FAQ: Worldwide Tea Consumption

FAQ: Worldwide Tea Consumption

Sure, you may know your tea, but do you know your tea worldwide? The way tea is consumed around the world is a lot like the traditions surrounding food. Tea illuminates pieces of culture, social customs, and geography in unique places. The way tea is enjoyed in Canada is vastly different from the way tea is enjoyed in Japan. Learn more about the consumption of tea worldwide with these probing Q’s and illuminating A’s.

Your FAQ’S Answered

Q: What’s more popular worldwide, tea or coffee?

A: Tea by a long shot. After water, tea is the most highly consumed beverage in the world.

 

Q: Who drinks the most tea in the world per capita?

A: The Republic of Ireland followed by Britain.

 

Q: What area in the world consumes the most tea?

A: More than half of global tea consumption comes from Asia.

 

Q: How much tea does the world collectively drink?

A: In 2002 the world consumed 1.6 tonnes of tea. This rose to 2.9 million tonnes of tea in 2016. Global consumption of tea is forecast to reach 3.3 million tonnes in 2021.

 

Q: Does this mean tea will continue to be more widely consumed than coffee?

A: Not necessarily. In 2021, global consumption of coffee (6.2 million tonnes) is predicted to be almost double that of tea (3.3 million tonnes) if it continues at its current rate.

 

Q: Who is the largest producer of tea in the world?

A: Here are the top three:

1. China with 2,230,000 tonnes.

2. India with 1,191,100 tonnes.

3. Kenya with 399,210 tonnes (2015 production).

 

Q: Do people drink tea plain or with milk?

A: 98% of the British tea drinking population (the second-ranked consumer of tea) take milk in their tea. We’re not sure about the worldwide tea drinking population though.

 

Q: Ok, so we know how the British take their tea, what about the rest of the globe?

A: Tea is taken very differently around the world. Here are a few notable tea traditions:

 

Morocco

Tea is taken with a mix of mint, green tea leaves, and a generous serving of sugar.

Tibet

Milk, salt, and yak butter are added to tea, and the mixture is then churned together.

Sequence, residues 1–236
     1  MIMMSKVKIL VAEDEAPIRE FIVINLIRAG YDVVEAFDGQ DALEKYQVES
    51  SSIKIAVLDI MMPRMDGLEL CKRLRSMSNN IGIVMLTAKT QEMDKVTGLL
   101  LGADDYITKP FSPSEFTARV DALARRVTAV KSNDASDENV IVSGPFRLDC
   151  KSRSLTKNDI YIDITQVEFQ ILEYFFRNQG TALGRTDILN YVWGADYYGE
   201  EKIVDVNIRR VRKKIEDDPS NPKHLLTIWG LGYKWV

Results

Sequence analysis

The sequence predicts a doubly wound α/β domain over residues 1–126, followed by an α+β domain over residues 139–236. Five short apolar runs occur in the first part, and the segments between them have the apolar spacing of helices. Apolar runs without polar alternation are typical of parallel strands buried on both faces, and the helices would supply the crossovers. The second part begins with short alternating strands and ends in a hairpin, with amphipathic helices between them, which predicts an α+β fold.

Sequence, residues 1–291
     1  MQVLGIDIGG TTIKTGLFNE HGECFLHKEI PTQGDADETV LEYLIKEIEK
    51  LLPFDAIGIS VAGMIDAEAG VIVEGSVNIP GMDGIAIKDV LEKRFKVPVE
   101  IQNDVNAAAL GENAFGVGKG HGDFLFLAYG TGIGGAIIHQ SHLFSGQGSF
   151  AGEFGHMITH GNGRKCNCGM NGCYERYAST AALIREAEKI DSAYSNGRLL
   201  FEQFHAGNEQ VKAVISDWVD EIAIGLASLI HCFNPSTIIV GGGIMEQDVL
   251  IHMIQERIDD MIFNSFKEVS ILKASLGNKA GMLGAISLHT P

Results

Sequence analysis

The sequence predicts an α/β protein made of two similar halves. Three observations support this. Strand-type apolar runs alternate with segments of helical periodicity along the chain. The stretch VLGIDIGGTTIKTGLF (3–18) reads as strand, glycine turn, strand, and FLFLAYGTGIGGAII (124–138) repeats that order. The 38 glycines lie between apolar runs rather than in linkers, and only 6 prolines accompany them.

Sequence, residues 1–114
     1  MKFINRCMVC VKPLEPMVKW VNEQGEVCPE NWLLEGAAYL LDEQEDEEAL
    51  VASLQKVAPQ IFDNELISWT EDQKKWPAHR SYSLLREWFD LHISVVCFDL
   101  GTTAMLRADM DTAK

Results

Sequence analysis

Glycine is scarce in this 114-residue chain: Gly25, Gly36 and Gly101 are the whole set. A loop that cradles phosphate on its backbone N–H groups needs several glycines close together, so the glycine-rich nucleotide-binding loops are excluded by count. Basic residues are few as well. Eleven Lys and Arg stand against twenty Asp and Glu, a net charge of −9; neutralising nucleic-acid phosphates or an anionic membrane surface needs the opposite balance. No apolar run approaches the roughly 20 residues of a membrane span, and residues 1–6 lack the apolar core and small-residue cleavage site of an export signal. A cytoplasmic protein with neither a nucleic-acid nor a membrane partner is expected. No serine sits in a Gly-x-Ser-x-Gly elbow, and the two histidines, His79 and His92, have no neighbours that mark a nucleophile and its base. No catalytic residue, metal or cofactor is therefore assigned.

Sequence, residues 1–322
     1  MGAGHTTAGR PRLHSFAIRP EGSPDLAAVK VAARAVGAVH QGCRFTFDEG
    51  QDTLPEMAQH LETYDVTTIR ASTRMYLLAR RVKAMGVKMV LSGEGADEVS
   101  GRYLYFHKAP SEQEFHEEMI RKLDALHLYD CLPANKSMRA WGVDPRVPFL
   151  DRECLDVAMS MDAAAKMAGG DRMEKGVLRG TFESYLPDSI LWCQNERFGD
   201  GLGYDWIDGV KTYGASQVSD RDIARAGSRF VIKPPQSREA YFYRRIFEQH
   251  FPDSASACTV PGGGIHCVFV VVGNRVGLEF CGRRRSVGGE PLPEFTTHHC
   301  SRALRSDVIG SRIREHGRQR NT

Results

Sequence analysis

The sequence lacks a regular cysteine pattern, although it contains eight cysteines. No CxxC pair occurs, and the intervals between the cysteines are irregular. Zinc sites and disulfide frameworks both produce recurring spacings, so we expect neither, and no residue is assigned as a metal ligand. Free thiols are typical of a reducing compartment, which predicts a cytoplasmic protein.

India

Classic chai is a mix of black tea leaves with spices like cinnamon, ginger, nutmeg, cloves, cardamom, and pepper.

Argentina

Yerba Mate is consumed It is prepared in a small pot or dried calabaza gourd from and drunk through a special straining straw called a bombilla.

Russia

Zavarka is a loose-leaf tea concentrate brewed in a small metal container called a samovar. A very strong (usually black) tea is brewed and then served in large mugs. It’s rude to fill the entire mug or to serve the tea without crackers and treats.

China

In China, there is a traditional Chinese tea ceremony called Gongfu The ritual is elaborate and involves ornate tea dishware and utensils. The ceremony is all about mindfully preparing, smelling, and sipping the tea.

Thailand

Ceylon or Assam tea is mixed with sugar, condensed milk, and spices like star anise, tamarind, and orange blossom, and served over ice in a tall glass. Much of the time evaporated milk is added on top.

Taiwan

Bubble tea started in 1988 and is a combination of tea and small balls of tapioca, a starchy white grain.

Japan

Matcha is served in a detailed tea ceremony that combines meditative practices with tea preparation and consumption, even the clean up is done mindfully.

Pakistan

Noon Chai is a blend of tea that includes a mix of pistachios, almonds, salt, milk, and spices like cardamom, cinnamon, and star anise. It has a charming pink colour!

Iran

Very strong black tea is served with sugar cubes. They place a sugar cube between their front teeth and suck the strong tea through it.

 

Q: That’s a lot to take in. I think I could use a cup of tea.

A: Cheers!


Sources:

  1. Alan Macfarlane; Iris Macfarlane (2004). The Empire of Tea. The Overlook Press. p. 32. ISBN 1-58567-493-1.

  2. Houyuan Lu et al. (7 January 2016). "Earliest tea as evidence for one branch of the Silk Road across the Tibetan Plateau". Nature. doi:10.1038/srep18955. Retrieved 11 January 2016.

  3. Liu Tong (2005). Chinese tea. Beijing: China Intercontinental Press. p. 137. ISBN 7-5085-0835-1.

  4. Mary Lou Heiss; Robert J. Heiss (23 March 2011). The Story of Tea: A Cultural History and Drinking Guide. Random House. p. 31. ISBN 978-1-60774-172-5.

  5. Puchko, Kristy. 15 Tea Traditions From Around the World. (2016) Retrieved from http://mentalfloss.com/article/72891/15-tea-traditions-around-world

  6. UK Tea & Infusions Association. Tea - A Brief History of the Nation's Favourite Beverage. Retrieved from http://www.tea.co.uk/tea-a-brief-history

  7. UK Tea & Infusions Association. Tea Glossary and FAQs. Retrieved from https://www.tea.co.uk/tea-faqs

Posted on 07/17/2018 by The Tea Haus Tea Tips & Info 0

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